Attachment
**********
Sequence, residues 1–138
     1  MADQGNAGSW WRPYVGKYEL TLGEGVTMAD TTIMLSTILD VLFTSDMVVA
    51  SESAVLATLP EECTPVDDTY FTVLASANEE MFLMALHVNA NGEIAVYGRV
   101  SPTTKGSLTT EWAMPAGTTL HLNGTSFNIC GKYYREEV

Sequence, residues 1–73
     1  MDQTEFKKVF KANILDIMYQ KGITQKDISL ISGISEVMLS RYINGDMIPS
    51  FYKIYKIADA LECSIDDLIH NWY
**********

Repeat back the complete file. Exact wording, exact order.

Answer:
Sequence, residues 1–138
     1  MADQGNAGSW WRPYVGKYEL TLGEGVTMAD TTIMLSTILD VLFTSDMVVA
    51  SESAVLATLP EECTPVDDTY FTVLASANEE MFLMALHVNA NGEIAVYGRV
   101  SPTTKGSLTT EWAMPAGTTL HLNGTSFNIC GKYYREEV

Sequence, residues 1–73
     1  MDQTEFKKVF KANILDIMYQ KGITQKDISL ISGISEVMLS RYINGDMIPS
    51  FYKIYKIADA LECSIDDLIH NWY